IF Offset A user defined IF offset which can be added to, or subtracted from, the input frequency can be stored in the PIC in EEProm. To change the stored value, hold down the pushbutton while switching on, or resetting the controller. Keep pressing the button until the introductory message goes and the display goes blank. On releasing the button, the IF offset setup display will appear; Press the button briefly to move through the digit to be changed, as indicated by the cursor. The rotary control is then used to set that digit. When under the sign, the rotary control is used to toggle between plus + or minus - offset. TO complete the entry, press and hold the button for 2 seconds, whereupon the new value will be stored to EEProm and normal operation resumes. Negative Frequencies The stored IF offset is added to, or subtracted from the input frequency. If a negative IF offset is stored that is significantly greater than the input frequency, the resulting display will correctly show a negative frequency. This capability has been included for upconverting receivers where the IF lies above the input band. In this situation , FIF = FRF + FLO, so the wanted indicated frequency (FRF) is obtained by measuring FLO and subtracting the higher value of FIF to give a negative result. Frequency Meter Software details Refer to the source code listing FreqMeter.asm. As the TIMER1 counter is only 16 bits in length, it has to be continually tested for overflow by testing the flag in the interrupt enable register. Each time the counter overflows, another 16 bit counter made up of the two registers FreqCountHi/Lo are incremented, giving a 32 bit count overall. The main loop first calls the critical timing part of this software, the routine MeasureFreq Inside this routine, the combined 32 bit counter is first cleared and TIMER1 enabled to start it counting from the input signal. Another 16 bit counter GVHi/Lo is preloaded with a value defining the gate period. A loop is organised so is continually testing for overflow and decrementing a loop counter for each pass though with all branches and tests being carefully equalised to have constant length (number of clock cycles) by padding out with strategically placed nop statements. A constant delay of 16 clocks is achieved for each pass though. After the gate defining counter has decremented to zero after the required number of passes though the loop, TIMER1 is stopped and the resulting value frozen. The value to be prestored in Gv in therefore equal to the gate period in seconds, multiplied by the clock frequency of 1MHz and divided by the 16 clocks in the loop. 1s requires a value of 62500 (which just fits into a 16 bit count), 100ms gate period needs GV = 6250, and 10ms GV = 625 The 32 bit count now holds the number of input cycles in either 10ms, 100ms or 1s gate time and needs to be corrected by the IF offset before display. The IF offset is stored in EEProm in units of G4JNT PIC Controller Software Manual. Page 6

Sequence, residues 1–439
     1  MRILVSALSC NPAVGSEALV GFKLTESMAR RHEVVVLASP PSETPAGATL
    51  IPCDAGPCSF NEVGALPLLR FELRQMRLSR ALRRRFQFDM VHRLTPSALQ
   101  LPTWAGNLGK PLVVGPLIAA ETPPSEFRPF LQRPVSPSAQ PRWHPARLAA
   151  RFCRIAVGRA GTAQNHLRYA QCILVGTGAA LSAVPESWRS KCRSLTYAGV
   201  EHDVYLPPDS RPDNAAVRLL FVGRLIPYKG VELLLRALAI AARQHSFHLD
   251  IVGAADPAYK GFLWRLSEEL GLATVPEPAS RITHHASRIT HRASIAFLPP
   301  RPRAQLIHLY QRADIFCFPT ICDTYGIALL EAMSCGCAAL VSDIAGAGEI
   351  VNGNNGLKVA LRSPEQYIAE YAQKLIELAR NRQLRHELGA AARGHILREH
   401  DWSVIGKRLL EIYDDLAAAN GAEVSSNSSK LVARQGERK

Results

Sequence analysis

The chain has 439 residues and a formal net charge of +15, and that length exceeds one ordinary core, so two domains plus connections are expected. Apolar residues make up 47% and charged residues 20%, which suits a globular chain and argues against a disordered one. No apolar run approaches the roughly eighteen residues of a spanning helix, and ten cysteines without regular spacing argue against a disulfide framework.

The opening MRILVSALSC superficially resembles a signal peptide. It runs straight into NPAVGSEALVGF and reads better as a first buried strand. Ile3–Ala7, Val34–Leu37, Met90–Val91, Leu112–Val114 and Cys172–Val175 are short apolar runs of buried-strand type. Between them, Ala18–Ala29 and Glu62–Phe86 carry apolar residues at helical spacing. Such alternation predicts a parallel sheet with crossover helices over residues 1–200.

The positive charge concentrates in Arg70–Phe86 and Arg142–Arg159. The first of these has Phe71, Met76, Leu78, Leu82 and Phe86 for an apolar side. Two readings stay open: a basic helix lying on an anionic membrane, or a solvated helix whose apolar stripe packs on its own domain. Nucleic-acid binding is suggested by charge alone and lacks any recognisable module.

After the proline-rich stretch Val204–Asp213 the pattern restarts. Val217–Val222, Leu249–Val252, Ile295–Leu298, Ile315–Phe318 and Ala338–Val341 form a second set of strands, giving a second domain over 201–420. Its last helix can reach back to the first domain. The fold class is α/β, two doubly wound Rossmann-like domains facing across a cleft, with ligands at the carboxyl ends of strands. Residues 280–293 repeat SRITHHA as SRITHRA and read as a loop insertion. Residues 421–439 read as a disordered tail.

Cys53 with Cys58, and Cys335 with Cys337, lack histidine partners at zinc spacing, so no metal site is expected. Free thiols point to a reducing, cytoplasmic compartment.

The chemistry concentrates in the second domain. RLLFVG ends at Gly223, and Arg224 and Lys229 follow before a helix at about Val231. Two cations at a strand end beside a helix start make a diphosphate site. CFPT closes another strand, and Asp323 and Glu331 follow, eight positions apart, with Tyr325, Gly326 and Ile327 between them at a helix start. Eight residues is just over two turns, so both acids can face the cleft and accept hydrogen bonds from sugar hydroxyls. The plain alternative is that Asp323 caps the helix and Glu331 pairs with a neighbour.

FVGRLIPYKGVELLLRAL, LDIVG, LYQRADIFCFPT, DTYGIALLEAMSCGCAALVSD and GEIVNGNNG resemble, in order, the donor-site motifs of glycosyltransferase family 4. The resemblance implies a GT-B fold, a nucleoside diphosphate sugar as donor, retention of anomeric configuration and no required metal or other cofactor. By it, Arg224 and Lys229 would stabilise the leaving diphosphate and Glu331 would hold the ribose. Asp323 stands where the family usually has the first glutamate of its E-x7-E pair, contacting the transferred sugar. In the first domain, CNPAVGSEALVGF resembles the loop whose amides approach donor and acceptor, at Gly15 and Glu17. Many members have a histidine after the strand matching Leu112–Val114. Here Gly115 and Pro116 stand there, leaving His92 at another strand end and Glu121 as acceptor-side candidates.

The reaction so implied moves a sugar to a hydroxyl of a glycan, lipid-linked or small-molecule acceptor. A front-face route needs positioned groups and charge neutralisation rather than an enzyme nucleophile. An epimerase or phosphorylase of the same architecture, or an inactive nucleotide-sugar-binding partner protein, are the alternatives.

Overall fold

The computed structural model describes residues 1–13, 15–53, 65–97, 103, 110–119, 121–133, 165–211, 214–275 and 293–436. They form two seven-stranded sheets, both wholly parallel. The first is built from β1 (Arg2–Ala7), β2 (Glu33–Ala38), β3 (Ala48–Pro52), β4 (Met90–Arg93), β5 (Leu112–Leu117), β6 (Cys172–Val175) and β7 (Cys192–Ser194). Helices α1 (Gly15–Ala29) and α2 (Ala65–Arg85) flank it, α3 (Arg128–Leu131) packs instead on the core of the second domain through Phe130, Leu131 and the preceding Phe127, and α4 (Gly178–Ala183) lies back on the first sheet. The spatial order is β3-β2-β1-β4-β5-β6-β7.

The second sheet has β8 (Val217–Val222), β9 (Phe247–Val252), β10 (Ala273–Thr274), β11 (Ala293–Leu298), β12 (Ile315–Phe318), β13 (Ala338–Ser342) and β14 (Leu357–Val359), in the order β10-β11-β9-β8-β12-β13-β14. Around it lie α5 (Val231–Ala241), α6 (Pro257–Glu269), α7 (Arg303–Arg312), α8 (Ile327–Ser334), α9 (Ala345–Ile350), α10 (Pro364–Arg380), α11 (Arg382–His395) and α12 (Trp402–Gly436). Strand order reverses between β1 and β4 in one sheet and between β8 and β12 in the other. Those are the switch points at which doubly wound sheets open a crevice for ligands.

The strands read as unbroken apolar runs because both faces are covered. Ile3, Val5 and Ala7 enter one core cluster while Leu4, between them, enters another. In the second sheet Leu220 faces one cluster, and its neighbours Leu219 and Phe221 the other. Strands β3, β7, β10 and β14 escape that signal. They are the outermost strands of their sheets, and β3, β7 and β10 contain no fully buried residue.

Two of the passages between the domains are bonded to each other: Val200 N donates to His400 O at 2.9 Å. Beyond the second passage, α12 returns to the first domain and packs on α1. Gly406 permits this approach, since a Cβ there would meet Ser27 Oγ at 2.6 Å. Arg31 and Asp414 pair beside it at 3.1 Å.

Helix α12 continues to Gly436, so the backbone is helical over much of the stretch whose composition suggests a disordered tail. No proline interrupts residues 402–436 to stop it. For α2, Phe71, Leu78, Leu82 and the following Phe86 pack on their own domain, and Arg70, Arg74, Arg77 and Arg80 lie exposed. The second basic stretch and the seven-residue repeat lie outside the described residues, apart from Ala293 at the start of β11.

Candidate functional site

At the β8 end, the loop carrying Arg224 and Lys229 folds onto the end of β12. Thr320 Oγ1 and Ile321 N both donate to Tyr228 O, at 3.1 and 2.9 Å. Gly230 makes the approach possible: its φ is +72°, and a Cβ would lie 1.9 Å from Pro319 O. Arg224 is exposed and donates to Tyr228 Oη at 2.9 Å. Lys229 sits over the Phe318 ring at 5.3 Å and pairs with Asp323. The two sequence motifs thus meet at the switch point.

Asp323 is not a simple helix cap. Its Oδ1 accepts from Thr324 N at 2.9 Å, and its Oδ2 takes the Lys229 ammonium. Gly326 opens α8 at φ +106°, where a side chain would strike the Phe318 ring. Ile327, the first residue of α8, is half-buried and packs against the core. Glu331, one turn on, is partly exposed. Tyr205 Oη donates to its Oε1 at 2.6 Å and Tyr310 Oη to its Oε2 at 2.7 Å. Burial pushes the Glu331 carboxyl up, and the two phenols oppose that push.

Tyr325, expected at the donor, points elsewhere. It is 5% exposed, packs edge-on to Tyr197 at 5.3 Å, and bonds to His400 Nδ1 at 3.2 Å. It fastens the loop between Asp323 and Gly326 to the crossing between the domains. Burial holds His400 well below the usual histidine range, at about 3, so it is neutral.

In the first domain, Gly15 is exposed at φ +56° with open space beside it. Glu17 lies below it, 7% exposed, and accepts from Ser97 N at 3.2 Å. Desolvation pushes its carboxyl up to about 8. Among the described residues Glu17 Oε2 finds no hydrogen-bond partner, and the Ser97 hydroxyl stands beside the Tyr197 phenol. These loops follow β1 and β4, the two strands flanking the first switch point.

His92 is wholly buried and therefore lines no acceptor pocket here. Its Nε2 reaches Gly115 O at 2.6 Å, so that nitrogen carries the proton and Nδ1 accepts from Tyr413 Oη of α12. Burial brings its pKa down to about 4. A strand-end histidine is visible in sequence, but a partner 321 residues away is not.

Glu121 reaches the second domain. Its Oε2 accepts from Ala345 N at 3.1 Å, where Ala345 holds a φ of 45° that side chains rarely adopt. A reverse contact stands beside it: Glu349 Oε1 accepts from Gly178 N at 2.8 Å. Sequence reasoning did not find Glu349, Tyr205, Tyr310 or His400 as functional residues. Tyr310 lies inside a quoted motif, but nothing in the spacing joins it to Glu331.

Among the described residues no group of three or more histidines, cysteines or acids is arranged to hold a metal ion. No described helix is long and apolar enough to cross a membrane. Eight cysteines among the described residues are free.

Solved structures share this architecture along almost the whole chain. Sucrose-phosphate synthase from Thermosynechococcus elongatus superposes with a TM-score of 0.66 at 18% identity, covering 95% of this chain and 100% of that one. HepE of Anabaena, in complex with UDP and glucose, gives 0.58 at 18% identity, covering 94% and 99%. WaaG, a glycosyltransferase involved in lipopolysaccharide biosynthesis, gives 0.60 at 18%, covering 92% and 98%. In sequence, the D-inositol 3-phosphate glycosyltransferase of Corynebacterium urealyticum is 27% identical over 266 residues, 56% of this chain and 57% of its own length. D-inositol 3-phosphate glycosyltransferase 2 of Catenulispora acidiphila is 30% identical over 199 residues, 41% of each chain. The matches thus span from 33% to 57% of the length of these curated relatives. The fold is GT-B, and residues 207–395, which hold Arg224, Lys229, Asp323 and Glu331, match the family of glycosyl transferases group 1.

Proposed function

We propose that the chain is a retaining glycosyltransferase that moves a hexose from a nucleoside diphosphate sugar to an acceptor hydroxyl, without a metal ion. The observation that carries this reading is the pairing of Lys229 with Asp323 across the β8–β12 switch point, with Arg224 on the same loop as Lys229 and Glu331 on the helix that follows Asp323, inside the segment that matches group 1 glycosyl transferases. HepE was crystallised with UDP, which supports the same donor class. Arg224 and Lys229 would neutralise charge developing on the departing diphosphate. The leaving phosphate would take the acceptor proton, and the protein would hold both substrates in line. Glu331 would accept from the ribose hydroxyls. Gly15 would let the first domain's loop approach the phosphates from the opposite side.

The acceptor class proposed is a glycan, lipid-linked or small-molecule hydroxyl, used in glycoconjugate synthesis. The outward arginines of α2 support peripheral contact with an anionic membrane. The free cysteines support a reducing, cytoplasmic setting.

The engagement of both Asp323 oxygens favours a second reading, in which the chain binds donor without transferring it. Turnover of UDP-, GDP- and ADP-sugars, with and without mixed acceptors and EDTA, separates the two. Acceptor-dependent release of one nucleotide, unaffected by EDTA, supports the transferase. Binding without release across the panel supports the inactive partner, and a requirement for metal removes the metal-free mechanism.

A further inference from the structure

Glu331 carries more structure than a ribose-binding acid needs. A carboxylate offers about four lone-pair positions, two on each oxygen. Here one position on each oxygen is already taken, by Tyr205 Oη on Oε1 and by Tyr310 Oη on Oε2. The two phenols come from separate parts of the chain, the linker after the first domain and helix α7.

1Hz, so at the lower gate times, the stored value has to be first divided by 10 or 100 before being added to or subtracted from the measured count. The result of the calculation is then converted to BCD, a decimal point inserted at the appropriate place for showing the frequency in kHz, and sent to the display. The main loop also tests for button presses, and when detected, changes the gate value accordingly, restarting the counter. At start up the button is tested and if pressed the PIC enters the UserSetup block of code. This monitors for short or long button presses, and reads the rotary encoder for count-up or count-down pulses. The rotary encoder is read as an interrupt driven routine which also makes use of the Timer0 peripheral in the PIC device for contact debouncing. See FreqMeter.asm for more details. Accuracy and Resolution Ultimate frequency measurement accuracy depends on the crystal oscillator being set to 4MHz for a resulting 1MHz clock rate. A trimmer capacitor can be installed on the PCB to facilitate this. Use a separate receiver or frequency counter to set this as accurately as possible. Try to use RF leakage only to detect the signal for setting purposes. Any probe capacitance on the PICs osc pins will shift the frequency leading to inaccurate setting. All frequency counters have an inherent counting uncertainty of one count, but there is another annoying error in this particular application that is not easy to correct for. In order to read the TIMER1 register, the PICs internal load has to be synchronised with an edge of its 1MHz clock. This results in an additional delay on the gating period of about half a clock cycle, or around 0.5us. At 1s gate period, this corresponds to 0.5 parts per million loss in accuracy, so introduces 5Hz error on a 10MHz signal. At shorter gate periods the error is less noticeable as it is now below the inherent LSB resolution) Since the error introduced is now related to the input frequency it cant be corrected by subtracting a constant offset. It also cant be corrected by tweaking either the clock frequency, or the loop delays as the tweak would have to be changed for each gate period. So I ignore it and just accept a reading a bit on the low side at maximum resolution. This is one reason, (amongst several others) that a 10s gate time is not made available. As a more advanced programming exercise, change the PIC crystal frequency (anything up to 20MHz is OK, and in practice even higher values can work). Identify the values in the software to change to correct the display. Cope with the GV counter needing to have a higher value than can fit into a 16 bit counter . A higher clock will reduce the effect of the annoying synchronisation error . Note that certain delays are needed within the LCD writing routines, so the other programmed delay routines (such as DelayNms ) will need to be changed